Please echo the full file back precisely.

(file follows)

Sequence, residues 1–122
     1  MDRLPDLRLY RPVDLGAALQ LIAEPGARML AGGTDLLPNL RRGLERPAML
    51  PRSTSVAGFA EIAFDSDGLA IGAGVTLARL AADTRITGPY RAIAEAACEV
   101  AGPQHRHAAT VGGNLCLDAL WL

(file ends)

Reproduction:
Sequence, residues 1–122
     1  MDRLPDLRLY RPVDLGAALQ LIAEPGARML AGGTDLLPNL RRGLERPAML
    51  PRSTSVAGFA EIAFDSDGLA IGAGVTLARL AADTRITGPY RAIAEAACEV
   101  AGPQHRHAAT VGGNLCLDAL WL